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The Thrill of the 'Ville


"See" both sides of the trade and understand the agendas in play.


Strangers stopping strangers
Just to shake their hand
Everybody's playing in the heart of gold band
Heart of gold band.

(Grateful Dead)


First, let me say that I am truly glad to have found Minyanville. As a longtime Realmoney subscriber, I felt your input was sorely missed (as well as others who have left for various reasons). That being said, I have to say that the seduction of the negative argument has caused my leanings to be too cautious. Grantham, Gross, Fleckenstein, Faber, de Vaulx, Meisler, etc. have all influenced my negativity (and you, of course).

And then you see the clowns that are banging drums and hitting buttons in the bull arena, and it only re-enforces the position. If it's so bullish, why do they have to be so loud, brash and obnoxious about it? I've come to the conclusion that to know what could go wrong is important, but having a pragmatic view of who stands to win/lose by making it go right is probably more important. I think that in the face of horrible circumstances, people in positions of power will do whatever it takes to prevent the worst outcome from being realized.

For instance, a big point many in the 'Ville have brought to light is the huge reset in ARMs next year. This will happen, no question, but perhaps that is why the Fed has set things up for having an ability to aggressively lower rates next year? If they do that, won't that give all these people with ARMs an 'out' via refinancing?

How about the dollar crashing thesis? Aren't there countries out there motivated to prevent that outcome, if only to get past certain key events in the near future? A good example is China
. I don't think they want any major economic crisis to happen or have to be addressed until after the Olympics when they can show off how great they are. It's kind of a coming out party for them. So they will keep us happy; they'll artificially keep their economy going even if finished goods are stock piled, they'll keep a tight reign on North Korea's nut job. Is that too superficial or pragmatic of a thesis?

When one considers who is hurt by the U.S. suffering a huge economic downslide, it is apparent we probably have a world of enablers that will help us continue to over-consume, under-save, and stumble forward slowly, but positively. Are there things that might be too big to prevent from happening? Probably, but I don't think the rest of the world will let us fall on purpose until they completely bleed us of our value and have a replacement. Who would they have to despise and hate?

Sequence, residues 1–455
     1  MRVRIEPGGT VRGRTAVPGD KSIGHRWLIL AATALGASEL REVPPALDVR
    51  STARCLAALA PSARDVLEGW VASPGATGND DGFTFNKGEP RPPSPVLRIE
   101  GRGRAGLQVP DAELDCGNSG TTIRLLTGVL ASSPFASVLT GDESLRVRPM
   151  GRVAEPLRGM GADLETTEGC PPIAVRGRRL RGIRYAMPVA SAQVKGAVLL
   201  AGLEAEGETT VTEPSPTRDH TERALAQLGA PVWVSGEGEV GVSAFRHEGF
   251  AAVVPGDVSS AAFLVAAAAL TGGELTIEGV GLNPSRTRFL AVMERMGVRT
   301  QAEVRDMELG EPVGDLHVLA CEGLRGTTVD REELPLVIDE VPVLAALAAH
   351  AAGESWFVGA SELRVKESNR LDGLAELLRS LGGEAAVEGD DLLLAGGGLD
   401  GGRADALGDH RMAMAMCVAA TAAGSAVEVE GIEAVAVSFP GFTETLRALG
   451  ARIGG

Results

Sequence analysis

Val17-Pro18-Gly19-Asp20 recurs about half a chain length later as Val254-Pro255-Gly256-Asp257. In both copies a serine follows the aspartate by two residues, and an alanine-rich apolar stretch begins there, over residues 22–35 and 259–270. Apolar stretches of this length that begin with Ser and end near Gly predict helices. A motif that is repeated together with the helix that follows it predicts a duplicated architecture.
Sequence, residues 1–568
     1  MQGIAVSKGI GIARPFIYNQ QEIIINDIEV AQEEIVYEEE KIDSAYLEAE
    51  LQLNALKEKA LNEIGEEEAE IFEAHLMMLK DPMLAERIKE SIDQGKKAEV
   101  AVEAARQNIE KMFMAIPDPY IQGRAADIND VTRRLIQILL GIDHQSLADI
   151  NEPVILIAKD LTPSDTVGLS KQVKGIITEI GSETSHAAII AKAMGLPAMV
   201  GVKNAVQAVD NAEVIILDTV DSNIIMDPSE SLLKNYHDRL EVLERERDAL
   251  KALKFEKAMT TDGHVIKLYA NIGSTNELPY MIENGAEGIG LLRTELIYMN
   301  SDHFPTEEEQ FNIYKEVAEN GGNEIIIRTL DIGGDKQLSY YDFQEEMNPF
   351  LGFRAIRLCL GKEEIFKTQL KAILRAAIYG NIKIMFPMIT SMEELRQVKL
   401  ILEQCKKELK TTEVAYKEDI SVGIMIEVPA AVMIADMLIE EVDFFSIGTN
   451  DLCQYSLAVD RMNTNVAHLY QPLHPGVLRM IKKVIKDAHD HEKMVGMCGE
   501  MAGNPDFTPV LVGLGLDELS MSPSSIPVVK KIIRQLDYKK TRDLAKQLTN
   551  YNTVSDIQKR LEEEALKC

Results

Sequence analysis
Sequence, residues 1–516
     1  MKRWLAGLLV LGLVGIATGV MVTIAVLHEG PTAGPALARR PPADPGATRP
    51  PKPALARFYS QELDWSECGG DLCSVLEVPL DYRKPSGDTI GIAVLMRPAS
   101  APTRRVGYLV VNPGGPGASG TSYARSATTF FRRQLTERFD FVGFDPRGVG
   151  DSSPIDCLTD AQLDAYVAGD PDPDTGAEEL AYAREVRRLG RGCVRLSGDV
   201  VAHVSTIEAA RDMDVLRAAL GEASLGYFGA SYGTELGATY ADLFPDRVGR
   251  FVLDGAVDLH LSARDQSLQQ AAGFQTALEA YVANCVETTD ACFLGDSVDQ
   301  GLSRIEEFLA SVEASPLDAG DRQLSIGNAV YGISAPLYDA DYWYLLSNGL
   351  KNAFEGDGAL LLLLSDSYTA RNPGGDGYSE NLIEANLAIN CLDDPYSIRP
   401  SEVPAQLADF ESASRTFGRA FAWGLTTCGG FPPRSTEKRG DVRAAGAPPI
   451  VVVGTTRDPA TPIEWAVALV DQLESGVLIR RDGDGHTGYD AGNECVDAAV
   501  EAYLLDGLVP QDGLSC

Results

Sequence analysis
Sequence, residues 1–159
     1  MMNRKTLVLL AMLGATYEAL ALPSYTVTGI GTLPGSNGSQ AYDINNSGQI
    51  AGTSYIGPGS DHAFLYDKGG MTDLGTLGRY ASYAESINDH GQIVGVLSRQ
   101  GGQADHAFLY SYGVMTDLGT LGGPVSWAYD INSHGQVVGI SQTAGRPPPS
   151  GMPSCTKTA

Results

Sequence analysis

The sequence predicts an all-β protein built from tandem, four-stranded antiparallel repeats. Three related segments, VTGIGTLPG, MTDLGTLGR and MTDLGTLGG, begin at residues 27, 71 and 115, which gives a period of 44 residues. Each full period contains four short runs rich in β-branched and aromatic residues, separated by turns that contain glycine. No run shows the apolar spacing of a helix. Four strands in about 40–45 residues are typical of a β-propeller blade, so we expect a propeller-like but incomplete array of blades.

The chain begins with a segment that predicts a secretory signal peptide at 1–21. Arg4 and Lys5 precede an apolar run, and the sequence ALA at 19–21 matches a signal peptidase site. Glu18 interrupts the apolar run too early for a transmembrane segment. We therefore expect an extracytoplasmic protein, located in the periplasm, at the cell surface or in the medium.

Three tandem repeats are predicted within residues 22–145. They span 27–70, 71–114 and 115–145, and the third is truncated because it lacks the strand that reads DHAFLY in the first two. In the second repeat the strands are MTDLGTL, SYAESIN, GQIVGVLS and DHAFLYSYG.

Anyhow, I'm still not really bullish, but I can't let the fear of the s*%t hitting the fan keep me from investing.

Best Regards,
Minyan Jason


You bring up alotta good points and, as it's a Freaky Friday flush with Beeks, I'm gonna chew through your spew with a few Random Thoughts:

  • We're glad you found us too. To date, the 'Ville has grown organically, with folks finding us through word of mouth. Those mouths now reside in 111 countries throughout the world and soon (through The Exchange), they'll be able to connect directly with each other. Which is nice.

  • "The seduction of the negative argument has caused my leanings to be too cautious?" With a conscious nod that we're sometimes too reticent to embrace the bull case, I'll note that we should view that dew in the proper context. First, with regard to time horizon, caution wasn't (isn't) necessarily wrong. The recent rally has been somewhat selective and the rest of the story remains untold. That's not a rationalization--I didn't capture what I coulda, woulda or otherwise shoulda--but capital preservation sometimes carries an opportunity cost. Remember, just because the market rallies doesn't mean that there isn't considerable risk.

  • As for the brazen bulls, I'm not sure that the high road leaves alotta room for discussion. I've never understood those who believe that their message is more important simply because they SCREAM LOUDER. That's not a dig on their directional bent--I know alotta sharp bovine who fly under the radar--but I agree that it saps credibility.

  • You hit the nail on the head. "See" both sides of the trade--the entire probability spectrum, from a massive rally to an outright melt--and understand the agendas in play. I'm not sure I've ever seen more "riding on the line" with regards to the market, from fortunes to futures to electoral followings.

  • Great perspective on the ARMs race. I'm in the rate cut camp myself (as a function of a slowing economy) but I didn't extrapolate that to the adjustable rate realm. Until now.

  • We touched on the dollar yesterday after I asked a sage buddy why the greenback has been firm in the face of a strong tape (which is counter-intuitive to my "asset class reflation vs. dollar devaluation" thesis). His view--and one that makes as much sense as any--is that the folks need to pay off debt, and they must do that with dollars (thus lending a bid). And yes, for the record, I think that IF foreign holders of our debt could unwind their positions without committing financial Hari Kari, they would have done so long ago.

  • Your last point touches on the "haves" and the "have nots" and yes, there will always be that influence (although I think the latter matter will get increasingly crowded). But I'll say this, my friend, nothing is "too big" to fail. I'm sure there were alotta folks in the Roman Empire who had a similar bent but, alas, that thought is Comicus.

Good luck today.


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